Problem kids of the Putin era in films by Valeria Gai Germanika

Young Russian director Valeria Gai Germanika is a female version of Larry Clark – in the course of her relatively short cinematic career she has been mainly preoccupied with telling stories of adolescence. In the pre-Pussy Riot era, both content and form of her films were a subject of much controversy in Russian community. She was making her own ‘pussy riot’ in the sphere of cinema, long before the notorious punk-rock collective. Germanika focuses less on such components of youth as first love and friendship, and more on its darker aspects such as the first cigarette, first bottle of beer, first sexual and drug experiences. Germanika has started her career as a documentary filmmaker, exploring youth in her early films, Devochki / Girls (2007) and Mal’chiki / Boys (2006). Her recent work is mainly fiction that is thematically akin to her documentaries, and its style relies heavily on the aesthetics of the factual image. The look of her films provokes a lot of debates as to whether the “truth” Germanika claims to show has any artistic value.

Valeria Gai Germanika. Photo: RIA Novosti

Valeria Gai Germanika. Photo: RIA Novosti

Her first and internationally acclaimed feature film Everybody Dies But Me / Все умрут, а я останусь (2008) is a coming of age docu-drama revolving around three teenage girlfriends, Zhanna, Vika and Katya, who live and go to school in a suburb of Moscow. The film opens as the girls bury Vika’s cat in the yard. It is believed that wakes awaken libido, and indeed the girls’ hormones are raging, all the more so as their teacher announces a discotheque to be organized at their school. This narrative point– the school discotheque – symbolically acts as a rite of passage to the adult life. And although it seems that nothing can disrupt their sweet and passionate friendship, which they childishly vow to endure “forever”, or at least “until growing up”, as this event of life importance approaches, both them and their friendship are put to a test.

Still from Everybody Dies But Me,

Dostoevsky believed that in the work of art the face of creator should not be seen. In the case of Germanika, it clearly reveals itself, as she seems speaking for herself and sharing her own, relatively recent, personal experiences through young protagonists of her films (Germanika was only 24 when Everybody Dies But Me was shot). As she puts it herself: “I am a director-documentarian, I make films about what I know and what I saw, basing on my personal experience. Moreover I shoot my films where I used to live, I can’t do it otherwise. [speaks about Everybody Dies but Me shooting locations] It was my block, moreover it was a farewell to my block” (source).

Due to the engaging immediacy of hand-held camerawork, Variety claimed that camera is another character in Germanika’s works. One can add that Germanika herself is another character in her works. Valeria admits that when she’s shooting, she is there, in the world of her characters, capturing it from within (source). There is indeed very little distance between the author of the film and its characters both in Everybody Dies But Me and her TV series School / Школа (2010):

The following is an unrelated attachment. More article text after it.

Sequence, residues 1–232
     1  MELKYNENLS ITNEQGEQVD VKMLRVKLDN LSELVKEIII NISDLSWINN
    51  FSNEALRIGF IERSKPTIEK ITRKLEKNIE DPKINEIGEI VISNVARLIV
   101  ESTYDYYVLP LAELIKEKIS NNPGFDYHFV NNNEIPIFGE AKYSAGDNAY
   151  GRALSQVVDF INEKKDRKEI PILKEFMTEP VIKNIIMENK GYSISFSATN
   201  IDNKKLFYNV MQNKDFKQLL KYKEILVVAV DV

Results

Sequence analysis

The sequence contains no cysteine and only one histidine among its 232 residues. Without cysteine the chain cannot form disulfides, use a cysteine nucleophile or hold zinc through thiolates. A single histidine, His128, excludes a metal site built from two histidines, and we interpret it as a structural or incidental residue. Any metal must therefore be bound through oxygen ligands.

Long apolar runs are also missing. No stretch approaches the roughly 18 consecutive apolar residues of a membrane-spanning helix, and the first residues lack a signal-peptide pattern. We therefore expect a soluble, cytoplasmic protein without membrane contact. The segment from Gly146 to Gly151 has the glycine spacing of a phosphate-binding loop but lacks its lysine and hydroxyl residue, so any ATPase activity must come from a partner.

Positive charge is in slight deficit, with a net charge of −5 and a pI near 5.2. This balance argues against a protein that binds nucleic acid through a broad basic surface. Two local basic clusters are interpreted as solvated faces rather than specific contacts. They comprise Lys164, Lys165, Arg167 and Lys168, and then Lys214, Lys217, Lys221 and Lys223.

In the course of Obskura’s series of articles on the image of youth in late Soviet cinema, it became apparent that the directors of perestroika very often employed youth as a tool to channel their fear and uncertainty about the things to come, as well as to explore a variety of social ills and historical traumas of the late Soviet society. Apart from that, the history of the Soviet youth cinema in general is rich with examples that thoroughly explore the conflict between generations. In Soviet youth films there are always two clearly defined dramatic centres opposing each other — that of fathers and sons. Both sides have at times utopic and old-fashioned, at times perverse and radical moral stands, values and beliefs that they express and are ready to fight for. It is the clash of these two world views that is at the core of the narrative in most cases.

Vera and her father

Fathers and sons. Still from Little Vera (1988)

In this connection it is important to mention that another claim frequently made against Germanika’a youth films is that they lack the old as time conflict of fathers and sons, that they are films about children made by children (source). Indeed, all adults in Germanika’s film are apathetic and uninvolved; and youngsters, although engaging in different activities that at a stretch can be labelled as self-actualization and rebellion, lack individuality and motives, characteristic of the young protagonists from the Soviet era. They are rebels without a cause as well as without much thought. This tendency partly can be already noticed in youth cinema of perestroika, abundant with passive and degraded Mentors whose moral stands, values and beliefs were annihilated by the social change perestroika brought about. But the youth of Soviet cinema is indeed most often depicted as striving, although most films are rather pessimistic in regards to the future of the young. However, let us not forget that Germanika has started her career as a documentary filmmaker. Hence, one can argue that she is not interested in creating imaginary ideologies and implanting beliefs and motives where in reality they are absent. Possibly, her authorial view on the present day situation is voiced by the teacher character in Shkola, who remarks: ‘Last time I met an individual was back in the 1980s’.

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